full presentation at Biohabitats' Rhizome blog. For me, the future of restoration is currently planted in two camps, with a lot of in-between space. And while these two camps may appear to be diametrically opposed, I believe that the survival of each, and possibly the survival of wild nature, is wholly dependent on the ability of both camps to prosper. The key, I believe, is context and connectivity. And that is where we, as restoration practitioners and restoration ecologists, can make a difference. Several years ago I was invited to participate in workshop on islands in the Puget Sound led by Richard Hobbs, Eric Higgs, and Jim Harris along with a cadre of restoration ecologists, conservation biologists and scientists from around the world. We debated, developed, and put to song (that’s another story after a few beers) the beginning foundations behind the concept of novel ecosystems. Novel ecosystems are ecosystem that have been highly altered by human agency, at relatively rapid temporal scales, that have no historical analogue, and which are posing new and challenging conundrums for how to restore and manage ecosystems.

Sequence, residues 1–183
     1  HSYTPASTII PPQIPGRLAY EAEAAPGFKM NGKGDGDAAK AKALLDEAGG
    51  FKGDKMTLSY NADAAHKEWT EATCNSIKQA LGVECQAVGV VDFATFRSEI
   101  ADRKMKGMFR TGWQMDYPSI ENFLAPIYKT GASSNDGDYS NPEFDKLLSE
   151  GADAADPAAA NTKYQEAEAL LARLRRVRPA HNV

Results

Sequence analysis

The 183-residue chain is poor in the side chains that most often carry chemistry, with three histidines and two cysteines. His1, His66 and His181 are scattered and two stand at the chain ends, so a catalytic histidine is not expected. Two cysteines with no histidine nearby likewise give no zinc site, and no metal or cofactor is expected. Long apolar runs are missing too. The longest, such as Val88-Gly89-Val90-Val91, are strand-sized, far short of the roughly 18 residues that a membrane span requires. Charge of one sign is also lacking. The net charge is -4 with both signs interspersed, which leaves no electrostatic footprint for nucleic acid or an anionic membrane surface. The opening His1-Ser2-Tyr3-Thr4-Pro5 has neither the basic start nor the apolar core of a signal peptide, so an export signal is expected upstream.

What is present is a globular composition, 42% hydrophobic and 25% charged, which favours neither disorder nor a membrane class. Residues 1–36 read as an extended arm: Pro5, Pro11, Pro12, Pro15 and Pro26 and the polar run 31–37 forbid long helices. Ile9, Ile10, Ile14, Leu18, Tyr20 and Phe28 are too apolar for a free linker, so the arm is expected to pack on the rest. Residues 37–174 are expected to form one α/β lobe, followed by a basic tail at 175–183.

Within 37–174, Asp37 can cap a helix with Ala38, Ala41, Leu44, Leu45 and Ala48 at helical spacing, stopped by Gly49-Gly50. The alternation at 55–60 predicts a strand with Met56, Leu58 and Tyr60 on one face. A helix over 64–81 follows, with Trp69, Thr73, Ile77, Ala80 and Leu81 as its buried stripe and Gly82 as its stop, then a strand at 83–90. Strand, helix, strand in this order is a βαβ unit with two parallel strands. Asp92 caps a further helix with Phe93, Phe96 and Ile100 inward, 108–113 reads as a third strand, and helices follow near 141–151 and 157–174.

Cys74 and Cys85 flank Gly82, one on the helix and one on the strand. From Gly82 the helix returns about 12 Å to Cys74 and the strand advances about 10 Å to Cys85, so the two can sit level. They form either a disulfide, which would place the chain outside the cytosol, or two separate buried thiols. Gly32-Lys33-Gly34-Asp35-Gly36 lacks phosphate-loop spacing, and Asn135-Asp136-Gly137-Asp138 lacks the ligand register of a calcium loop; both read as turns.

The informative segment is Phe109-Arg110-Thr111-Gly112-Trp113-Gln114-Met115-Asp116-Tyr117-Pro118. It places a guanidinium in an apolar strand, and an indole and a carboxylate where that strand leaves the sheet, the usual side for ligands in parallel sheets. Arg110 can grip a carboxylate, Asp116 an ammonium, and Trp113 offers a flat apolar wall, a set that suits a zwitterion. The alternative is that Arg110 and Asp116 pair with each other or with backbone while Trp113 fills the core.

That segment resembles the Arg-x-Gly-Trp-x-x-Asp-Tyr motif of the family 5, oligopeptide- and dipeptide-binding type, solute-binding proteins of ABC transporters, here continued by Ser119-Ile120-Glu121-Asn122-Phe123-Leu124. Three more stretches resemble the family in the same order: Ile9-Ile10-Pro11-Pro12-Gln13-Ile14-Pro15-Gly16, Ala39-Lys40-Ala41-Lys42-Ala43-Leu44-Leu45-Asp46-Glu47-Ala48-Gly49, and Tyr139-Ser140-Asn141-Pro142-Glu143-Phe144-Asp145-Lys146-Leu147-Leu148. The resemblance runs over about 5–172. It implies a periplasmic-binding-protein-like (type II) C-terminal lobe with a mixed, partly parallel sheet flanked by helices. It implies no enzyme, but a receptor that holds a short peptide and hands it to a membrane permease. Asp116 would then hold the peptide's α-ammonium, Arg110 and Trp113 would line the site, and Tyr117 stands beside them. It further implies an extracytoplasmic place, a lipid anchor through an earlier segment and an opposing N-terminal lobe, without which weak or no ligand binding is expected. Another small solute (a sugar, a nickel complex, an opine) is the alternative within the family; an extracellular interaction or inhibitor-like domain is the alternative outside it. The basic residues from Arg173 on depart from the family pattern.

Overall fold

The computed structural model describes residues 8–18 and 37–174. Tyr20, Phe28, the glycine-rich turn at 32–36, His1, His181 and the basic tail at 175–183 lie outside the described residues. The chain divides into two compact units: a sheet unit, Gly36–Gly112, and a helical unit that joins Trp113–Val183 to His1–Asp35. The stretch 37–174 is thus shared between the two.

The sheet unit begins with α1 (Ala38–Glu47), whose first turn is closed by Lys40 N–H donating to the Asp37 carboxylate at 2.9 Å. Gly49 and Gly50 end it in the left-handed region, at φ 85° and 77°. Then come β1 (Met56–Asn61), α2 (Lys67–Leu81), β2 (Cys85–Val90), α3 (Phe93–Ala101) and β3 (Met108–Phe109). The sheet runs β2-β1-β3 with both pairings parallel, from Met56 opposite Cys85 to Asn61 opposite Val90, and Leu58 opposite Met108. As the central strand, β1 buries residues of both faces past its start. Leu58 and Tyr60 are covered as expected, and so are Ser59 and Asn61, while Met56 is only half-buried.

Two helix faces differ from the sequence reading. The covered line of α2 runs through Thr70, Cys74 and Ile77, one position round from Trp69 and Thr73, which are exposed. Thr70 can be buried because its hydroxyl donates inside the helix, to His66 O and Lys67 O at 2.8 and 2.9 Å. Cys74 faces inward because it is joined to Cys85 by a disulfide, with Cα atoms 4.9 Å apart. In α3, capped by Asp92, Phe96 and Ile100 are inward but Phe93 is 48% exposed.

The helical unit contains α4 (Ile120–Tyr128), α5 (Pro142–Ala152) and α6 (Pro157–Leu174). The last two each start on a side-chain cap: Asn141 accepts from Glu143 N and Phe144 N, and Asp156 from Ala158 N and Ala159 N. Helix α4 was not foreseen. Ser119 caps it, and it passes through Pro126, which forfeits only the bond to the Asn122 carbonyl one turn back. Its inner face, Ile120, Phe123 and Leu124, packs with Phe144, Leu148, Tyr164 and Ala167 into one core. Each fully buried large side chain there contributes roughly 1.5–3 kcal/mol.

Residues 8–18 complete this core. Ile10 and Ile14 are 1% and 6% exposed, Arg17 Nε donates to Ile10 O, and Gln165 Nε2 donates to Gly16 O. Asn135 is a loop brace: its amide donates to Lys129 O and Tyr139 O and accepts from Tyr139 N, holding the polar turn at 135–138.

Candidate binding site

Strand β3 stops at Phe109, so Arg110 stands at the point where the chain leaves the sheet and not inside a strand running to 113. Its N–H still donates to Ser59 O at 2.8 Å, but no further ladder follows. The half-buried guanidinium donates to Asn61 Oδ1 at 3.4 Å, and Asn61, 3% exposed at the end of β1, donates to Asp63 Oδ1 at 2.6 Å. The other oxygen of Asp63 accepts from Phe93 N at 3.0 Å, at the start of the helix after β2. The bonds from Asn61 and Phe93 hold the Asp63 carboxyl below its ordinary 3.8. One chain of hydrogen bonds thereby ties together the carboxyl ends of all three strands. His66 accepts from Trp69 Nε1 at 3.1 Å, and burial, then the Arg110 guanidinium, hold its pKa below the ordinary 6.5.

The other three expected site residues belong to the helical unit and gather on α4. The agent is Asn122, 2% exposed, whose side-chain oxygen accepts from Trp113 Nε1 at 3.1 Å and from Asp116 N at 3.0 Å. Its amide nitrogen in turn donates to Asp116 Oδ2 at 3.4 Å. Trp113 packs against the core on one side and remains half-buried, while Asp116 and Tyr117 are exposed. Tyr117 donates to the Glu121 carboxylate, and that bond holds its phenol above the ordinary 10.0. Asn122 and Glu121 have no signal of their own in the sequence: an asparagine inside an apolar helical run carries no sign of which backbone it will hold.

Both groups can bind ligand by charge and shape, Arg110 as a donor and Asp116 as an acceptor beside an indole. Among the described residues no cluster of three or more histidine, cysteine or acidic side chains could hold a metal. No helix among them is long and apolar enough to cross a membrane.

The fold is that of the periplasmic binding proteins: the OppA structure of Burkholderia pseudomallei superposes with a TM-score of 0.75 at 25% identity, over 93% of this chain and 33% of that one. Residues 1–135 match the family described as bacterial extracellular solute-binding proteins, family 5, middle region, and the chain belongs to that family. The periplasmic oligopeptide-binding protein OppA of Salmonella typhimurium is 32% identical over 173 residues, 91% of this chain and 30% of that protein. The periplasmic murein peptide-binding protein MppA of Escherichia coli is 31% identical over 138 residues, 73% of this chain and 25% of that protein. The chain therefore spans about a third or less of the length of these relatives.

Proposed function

A tundra swan in the Yukon Delta National Wildlife Refuge. Photo by Alaska Region U.S. Fish & Wildlife Service, used under Creative Commons licensing.On the other hand, as many of you know, I have been a long time member and served for many years on the board of directors for Wildlands Network, an organization founded by Dave Foreman, Michael Soule, John Terborgh and others. Wildlands Network is dedicated to the idea of reconnecting, rewilding and restoring large landscapes and corridors across North America. Their mission is audacious, ambitious, and, I believe, absolutely critical for preserving wilderness, biodiversity, and the ecological processes that sustain all life on Earth. For intact areas to remain intact and evolve, they need to be big and in the right location, they need to have good boundaries, buffers and connectivity, they need for ecological restoration to play a pivotal role in repairing and maintaining their integrity and they need effective policies that ensure their long term protection. As Edward Wilson and other noted conservationists advocate, we need half of Earth for nature. I argue that we need to make a serious commitment to conserve and restore large swaths of interconnected land–and seascapes. Doing so, as Michael Soule puts it, “protect Earth’s extraordinary diversity of wild plants, animals and ecosystems, ensures the perpetuation of the 3.5 billion year saga of biological evolution and speciation, and ensures opportunities for people, now and well into the future, to benefit spiritually and physically from wildness and the diversity of wild beings.” a paper written by a team of 24 international scientists and headed by Nick Haddad, a professor at North Carolina State University, reported that “Nearly 20 percent of the world’s remaining forests are the distance of a football field—or about 100 meters—away from forest edges,” and seventy percent of forest lands are within a half-mile of forest edges. That means almost no forests can really be considered wilderness.” It also means that we are losing. We are continuing to slice and dice the landscape into thousands of pieces, not really seeing the forest for the trees. So my other foot is firmly planted in the camp of large, interconnected landscapes. Unlike the perspective that nature is a resource, to be used, exploited, designed, shaped, and morphed to our liking, this camp views the landscape as part of a greater whole, in which nature serves all life on Earth without preference or bias to us. I argue that if we lose sight of that whole, not only do we jeopardize all other life on this planet, we jeopardize our very existence. So the future for me is framed by the need to recognize that the concept of novel ecosystems provides a useful foundation for deciding how, when, and where, to apply restoration to highly disturbed landscapes; and simultaneously by the need to champion, support and enable restoration initiatives that leverage the conservation of large, intact interconnected land and seascapes across North America. To do this, I go back to the notion of context and connectivity. We need to ensure that all of the restoration we do is placed within a greater context of supporting the idea of large landscape conservation. This will obviously mean different things for different sites. Ultra urban sites may support large landscape connectivity and conservation very differently than a site bordering on a regional park or in a rural setting. More importantly, it means that we need scientifically robust and socially inclusive policies to frame and give shape to large landscape conservation measures that are grounded in bioregional attributes. And we need to demonstrate to the public that this is essential for ensuring our long-term health, prosperity and happiness.